For a long while, you may find you're trying to place yourself amidst an unfamiliar network of configurations. Are they islands? Are they structures? If there were a marker to indicate “you are here”, where would you be?
In her solo exhibition at Length Width Height, Ford presents a cohesive but varied body of work. Her series of folded paper sculptures represent a gradient, which float against the wall in a kind of delicate bas-relief. Sharp edges, creased points, inked and fractured facets play with the idea of how a single value can carry multiple values within it; each of them adding to a sum total of color averaging on a scale of white to black.
Her acrylic sculptures recall a larger project for which she created an entire window-sized structural map resembling that of a city, aptly titled “PlastiCity”. With these smaller versions, Ford continues to explore the vertical form of skyscrapers and city skylines on their sides – projecting like sideways stalagmites and stalactites; their cantilevered spires reaching out towards you. They mimic the growth that man-made structures in turn mimic in nature.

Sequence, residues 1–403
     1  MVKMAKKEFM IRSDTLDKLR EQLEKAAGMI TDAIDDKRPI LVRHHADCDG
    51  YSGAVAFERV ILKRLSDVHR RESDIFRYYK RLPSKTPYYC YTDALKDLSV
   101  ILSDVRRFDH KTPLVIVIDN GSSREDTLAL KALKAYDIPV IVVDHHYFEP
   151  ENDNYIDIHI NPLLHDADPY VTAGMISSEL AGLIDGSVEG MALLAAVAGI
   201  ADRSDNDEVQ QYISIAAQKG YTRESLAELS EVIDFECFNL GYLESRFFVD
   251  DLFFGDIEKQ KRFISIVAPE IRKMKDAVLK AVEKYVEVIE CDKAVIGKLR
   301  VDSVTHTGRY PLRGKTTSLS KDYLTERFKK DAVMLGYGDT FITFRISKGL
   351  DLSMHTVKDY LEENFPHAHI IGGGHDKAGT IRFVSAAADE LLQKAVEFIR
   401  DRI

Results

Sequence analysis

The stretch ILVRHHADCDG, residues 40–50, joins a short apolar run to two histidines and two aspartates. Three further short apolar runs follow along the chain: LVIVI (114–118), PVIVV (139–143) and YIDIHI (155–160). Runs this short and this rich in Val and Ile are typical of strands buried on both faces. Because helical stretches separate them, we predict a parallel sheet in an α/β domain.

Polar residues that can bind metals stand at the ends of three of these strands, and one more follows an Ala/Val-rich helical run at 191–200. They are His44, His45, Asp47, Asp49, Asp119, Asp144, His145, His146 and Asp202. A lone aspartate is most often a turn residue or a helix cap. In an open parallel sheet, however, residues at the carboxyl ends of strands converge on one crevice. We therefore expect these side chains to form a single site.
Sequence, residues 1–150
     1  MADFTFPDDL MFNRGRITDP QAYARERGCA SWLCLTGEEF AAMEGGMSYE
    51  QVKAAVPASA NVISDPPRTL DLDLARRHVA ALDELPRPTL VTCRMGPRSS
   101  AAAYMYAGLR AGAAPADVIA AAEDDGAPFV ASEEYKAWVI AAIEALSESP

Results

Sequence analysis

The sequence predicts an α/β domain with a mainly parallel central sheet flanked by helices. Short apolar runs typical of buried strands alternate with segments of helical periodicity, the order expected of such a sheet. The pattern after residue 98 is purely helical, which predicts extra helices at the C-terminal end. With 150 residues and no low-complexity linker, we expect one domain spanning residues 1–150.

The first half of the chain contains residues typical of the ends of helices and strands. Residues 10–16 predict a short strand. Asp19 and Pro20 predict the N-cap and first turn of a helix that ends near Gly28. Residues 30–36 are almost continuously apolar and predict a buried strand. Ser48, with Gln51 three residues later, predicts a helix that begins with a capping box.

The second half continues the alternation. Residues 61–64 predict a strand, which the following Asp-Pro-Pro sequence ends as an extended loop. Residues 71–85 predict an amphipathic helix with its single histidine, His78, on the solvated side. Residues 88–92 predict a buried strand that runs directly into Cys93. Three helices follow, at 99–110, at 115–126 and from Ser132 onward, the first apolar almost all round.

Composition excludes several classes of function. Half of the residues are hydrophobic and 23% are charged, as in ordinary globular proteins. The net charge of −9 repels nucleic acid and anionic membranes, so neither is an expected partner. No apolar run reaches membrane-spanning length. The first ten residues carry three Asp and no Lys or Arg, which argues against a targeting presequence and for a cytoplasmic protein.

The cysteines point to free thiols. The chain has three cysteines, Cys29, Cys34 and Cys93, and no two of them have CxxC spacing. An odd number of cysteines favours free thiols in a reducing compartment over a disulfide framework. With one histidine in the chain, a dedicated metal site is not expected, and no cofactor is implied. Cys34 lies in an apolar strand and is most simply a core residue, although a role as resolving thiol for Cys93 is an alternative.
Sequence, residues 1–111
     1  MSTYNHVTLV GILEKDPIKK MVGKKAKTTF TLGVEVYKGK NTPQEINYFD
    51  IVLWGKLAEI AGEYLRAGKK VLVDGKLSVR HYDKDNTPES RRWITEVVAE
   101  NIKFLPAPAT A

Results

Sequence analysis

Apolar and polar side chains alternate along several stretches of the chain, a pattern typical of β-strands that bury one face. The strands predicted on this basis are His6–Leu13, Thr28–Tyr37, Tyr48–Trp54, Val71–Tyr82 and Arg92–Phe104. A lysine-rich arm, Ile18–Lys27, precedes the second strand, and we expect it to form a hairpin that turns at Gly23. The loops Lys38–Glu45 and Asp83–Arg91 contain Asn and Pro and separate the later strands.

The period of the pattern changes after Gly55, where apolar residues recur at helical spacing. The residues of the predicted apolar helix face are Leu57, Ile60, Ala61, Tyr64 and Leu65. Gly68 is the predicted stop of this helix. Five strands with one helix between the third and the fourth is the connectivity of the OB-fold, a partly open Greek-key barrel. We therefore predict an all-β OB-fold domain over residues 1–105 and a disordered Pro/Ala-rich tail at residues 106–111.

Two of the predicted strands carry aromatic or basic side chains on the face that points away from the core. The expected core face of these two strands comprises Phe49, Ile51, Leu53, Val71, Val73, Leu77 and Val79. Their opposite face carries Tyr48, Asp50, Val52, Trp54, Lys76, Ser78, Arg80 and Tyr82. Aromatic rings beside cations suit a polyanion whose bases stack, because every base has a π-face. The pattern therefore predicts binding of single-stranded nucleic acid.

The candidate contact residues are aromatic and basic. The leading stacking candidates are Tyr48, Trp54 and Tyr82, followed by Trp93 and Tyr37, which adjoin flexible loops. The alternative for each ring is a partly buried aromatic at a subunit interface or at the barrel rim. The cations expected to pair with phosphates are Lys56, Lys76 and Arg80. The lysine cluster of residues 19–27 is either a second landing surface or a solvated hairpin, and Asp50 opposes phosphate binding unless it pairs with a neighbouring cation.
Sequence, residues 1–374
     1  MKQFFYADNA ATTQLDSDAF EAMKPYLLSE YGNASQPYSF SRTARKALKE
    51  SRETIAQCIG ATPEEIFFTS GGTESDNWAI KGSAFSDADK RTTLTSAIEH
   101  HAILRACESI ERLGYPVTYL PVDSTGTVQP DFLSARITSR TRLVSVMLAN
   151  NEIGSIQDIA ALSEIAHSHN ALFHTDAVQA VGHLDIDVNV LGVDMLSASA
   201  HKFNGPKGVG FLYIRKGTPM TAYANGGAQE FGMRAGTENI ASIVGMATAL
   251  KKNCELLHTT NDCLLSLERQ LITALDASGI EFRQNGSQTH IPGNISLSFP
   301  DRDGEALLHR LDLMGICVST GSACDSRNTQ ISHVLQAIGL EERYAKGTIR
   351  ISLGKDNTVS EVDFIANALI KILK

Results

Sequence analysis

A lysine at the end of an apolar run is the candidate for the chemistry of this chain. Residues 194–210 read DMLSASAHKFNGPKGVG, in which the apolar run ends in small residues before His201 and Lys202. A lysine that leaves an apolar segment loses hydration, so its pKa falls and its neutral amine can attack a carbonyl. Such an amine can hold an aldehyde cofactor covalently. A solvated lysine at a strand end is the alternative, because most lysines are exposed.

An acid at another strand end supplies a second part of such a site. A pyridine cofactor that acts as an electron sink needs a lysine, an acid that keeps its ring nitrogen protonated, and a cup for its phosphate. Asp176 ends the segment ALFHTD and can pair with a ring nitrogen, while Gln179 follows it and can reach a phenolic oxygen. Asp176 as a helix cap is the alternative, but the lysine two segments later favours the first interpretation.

Ford's centerpiece is a site-specific installation along three walls under the gallery's skylight. Built-up layers of ink, line and shape build an environmental topography to engulf the viewer in a fictional landscape that is at once reminiscent of a bird's-eye view of islands, but also of sounding or elevation maps. The “islands” are constructed of folded paper which jut out from the wall like the fins of an airplane; sharp, angular, and aerodynamic.
If Cristin Ford's topographies do not necessarily seek to define or describe; it is what they redact or omit in an eloquent summary of edited information that draws you in. They incorporate texture, quantity, and form. They are a compositional study of value scale via prismatic shapes. Their documentation is less about location, and more about signifier.
This is a simulation. This is the edge.